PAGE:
DESCRIPTION (provided by applicant): Multiple myeloma (MM) is an incurable malignancy of plasma cells that evolves from clinically benign precursor conditions, including the premalignant condition monoclonal gammopathy of undetermined significance (MGUS) and an asymptomatic stage called smoldering MM (SMM). The progression from MGUS to SMM and overt, full-blown MM is quite variable. The reason(s) why some patients progress whereas others live out their lives without ever developing MM remains an important clinical question. The overall goal of this highly integrated program is to elucidate the causes of progression from MGUS ->SMM ->MM ->relapsed MM to learn how best to clinically approach each stage of the disease. In Project 1, Dr. Rajkumar proposes to identify predictors of progression permitting definition of a subset of MGUS patients with a risk of progression high enough to warrant intervention;and the premalignant stage responsible for light chain-only MM. He will also examine the role of genetic or familial factors in MGUS and the epidemiology of smoldering myeloma. In Project 2, Dr. Jelinek hypothesizes that intraclonal heterogeneity, a hallmark feature of the monoclonal gammopathies, includes heterogeneity in tumor cell growth potential. The hypothesized proliferative subset is suggested to exist within the monoclonal (as defined by immunoglobulin sequence) PC pool at all phases of disease, i.e., MGUS ->SMM ->MM ->relapsed MM, and this population of cells may utilize some mechanisms employed by normal hematopoietic stem cells and/or early B cell progenitors. She will therefore study intraclonal heterogeneity in MGUS/SMM plasma cells and during disease progression. She will also isolate and characterize proliferating cells and study the role of two specific pathways linked to oncogenesis and growth control of normal stem cells in MGUS/SMM/MM cells. In Project 3, Dr. Fonseca will determine if IgH translocations are seminal events in the pathogenesis of some PC neoplasms and if so, what are their transcriptional consequences. He will also use molecular cytogenetics to elucidate pathogenic pathways in both MGUS and MM and whether MGUS/MM patients have an underlying susceptibility to acquire IgH translocations. Core A will centralize data and sample collection and processing providing appropriate materials for each project. Core B will play a key role in project design and will provide statistical analysis of individual project data. Core C will provide an administrative structure to enhance interaction and support regular internal and external scientific review. The major Specific Aim of this Program Project continues to be obtaining a better understanding of the pathophysiology of the monoclonal gammopathies. We believe that these results will ultimately translate into improved and novel therapeutic strategies.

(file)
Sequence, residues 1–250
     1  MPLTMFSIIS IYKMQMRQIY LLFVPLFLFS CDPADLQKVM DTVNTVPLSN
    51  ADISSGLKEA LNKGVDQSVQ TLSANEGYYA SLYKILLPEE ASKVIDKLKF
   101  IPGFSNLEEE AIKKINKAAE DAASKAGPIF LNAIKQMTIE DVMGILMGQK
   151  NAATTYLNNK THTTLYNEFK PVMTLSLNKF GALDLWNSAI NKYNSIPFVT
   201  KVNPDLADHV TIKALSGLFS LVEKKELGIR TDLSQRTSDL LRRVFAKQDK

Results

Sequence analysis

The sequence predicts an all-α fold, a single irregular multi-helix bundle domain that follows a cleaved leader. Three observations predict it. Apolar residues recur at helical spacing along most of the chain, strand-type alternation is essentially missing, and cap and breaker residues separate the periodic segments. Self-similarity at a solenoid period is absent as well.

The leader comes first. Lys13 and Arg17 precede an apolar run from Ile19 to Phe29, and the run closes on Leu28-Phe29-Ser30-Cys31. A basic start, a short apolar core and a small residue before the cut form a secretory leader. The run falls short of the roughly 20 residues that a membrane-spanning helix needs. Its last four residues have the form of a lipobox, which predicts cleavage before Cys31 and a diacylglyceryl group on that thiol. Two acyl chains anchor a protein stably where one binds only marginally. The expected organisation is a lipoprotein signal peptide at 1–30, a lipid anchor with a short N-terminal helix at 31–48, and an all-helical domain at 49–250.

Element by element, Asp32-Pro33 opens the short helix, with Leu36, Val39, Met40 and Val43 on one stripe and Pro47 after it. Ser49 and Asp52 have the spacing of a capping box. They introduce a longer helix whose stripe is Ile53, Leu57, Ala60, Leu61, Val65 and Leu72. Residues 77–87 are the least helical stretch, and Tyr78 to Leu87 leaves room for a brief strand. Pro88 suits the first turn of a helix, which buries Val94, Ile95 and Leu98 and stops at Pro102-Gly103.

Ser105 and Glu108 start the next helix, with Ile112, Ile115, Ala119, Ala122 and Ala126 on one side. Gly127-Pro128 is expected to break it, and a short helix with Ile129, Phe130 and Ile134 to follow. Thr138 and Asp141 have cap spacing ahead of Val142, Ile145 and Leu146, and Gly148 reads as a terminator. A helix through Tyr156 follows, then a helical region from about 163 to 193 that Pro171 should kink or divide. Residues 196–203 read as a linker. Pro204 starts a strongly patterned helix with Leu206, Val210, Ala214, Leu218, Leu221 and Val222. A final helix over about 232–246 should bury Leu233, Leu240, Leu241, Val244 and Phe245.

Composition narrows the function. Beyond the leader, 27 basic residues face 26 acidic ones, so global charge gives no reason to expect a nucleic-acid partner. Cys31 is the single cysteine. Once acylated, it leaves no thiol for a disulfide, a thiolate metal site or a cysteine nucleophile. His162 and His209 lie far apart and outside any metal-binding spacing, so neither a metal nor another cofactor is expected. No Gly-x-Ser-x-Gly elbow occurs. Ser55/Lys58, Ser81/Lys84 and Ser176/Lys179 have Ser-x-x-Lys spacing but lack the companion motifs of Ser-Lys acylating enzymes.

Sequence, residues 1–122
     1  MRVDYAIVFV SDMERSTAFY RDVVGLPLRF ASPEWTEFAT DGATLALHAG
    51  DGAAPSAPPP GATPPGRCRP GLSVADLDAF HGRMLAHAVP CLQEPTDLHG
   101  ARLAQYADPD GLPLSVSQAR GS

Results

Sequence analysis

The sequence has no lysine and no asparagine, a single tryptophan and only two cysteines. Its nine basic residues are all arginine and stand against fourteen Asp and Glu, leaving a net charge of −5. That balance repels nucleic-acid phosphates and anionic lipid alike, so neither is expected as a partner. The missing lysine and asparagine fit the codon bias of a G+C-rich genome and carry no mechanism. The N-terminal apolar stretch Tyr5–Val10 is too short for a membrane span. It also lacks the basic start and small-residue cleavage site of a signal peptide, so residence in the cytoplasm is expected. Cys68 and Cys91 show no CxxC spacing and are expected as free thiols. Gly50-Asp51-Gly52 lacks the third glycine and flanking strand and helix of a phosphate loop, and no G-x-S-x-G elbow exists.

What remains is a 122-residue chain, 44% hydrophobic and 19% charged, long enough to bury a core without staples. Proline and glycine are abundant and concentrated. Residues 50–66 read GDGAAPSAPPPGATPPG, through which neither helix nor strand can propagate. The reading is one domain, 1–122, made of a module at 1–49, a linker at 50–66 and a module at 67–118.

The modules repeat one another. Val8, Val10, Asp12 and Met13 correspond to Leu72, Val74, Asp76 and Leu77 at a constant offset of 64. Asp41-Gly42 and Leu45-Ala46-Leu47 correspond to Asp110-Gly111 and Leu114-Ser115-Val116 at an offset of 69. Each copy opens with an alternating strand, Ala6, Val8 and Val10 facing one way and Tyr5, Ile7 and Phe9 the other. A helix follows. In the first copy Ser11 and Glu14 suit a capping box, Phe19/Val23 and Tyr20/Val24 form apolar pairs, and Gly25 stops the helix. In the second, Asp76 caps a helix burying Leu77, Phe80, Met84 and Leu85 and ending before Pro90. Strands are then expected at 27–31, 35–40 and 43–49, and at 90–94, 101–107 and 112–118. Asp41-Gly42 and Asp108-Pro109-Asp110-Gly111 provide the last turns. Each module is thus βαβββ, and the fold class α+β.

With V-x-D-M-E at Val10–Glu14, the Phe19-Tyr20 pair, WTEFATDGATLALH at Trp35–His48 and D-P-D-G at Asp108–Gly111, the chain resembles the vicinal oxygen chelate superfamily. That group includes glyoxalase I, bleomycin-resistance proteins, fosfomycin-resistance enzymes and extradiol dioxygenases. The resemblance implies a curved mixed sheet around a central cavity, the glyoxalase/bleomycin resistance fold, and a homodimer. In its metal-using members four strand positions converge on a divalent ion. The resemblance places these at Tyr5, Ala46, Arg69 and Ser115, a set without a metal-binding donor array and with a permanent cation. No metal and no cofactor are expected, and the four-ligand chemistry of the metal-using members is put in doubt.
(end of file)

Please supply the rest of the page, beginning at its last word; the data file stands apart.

|Effective start/end date||9/30/94 → 1/31/11|
- National Cancer Institute: $1,491,070.00
- National Cancer Institute: $205,383.00
- National Cancer Institute: $1,439,826.00
- National Cancer Institute: $12,948,128.00
- National Cancer Institute: $1,463,958.00
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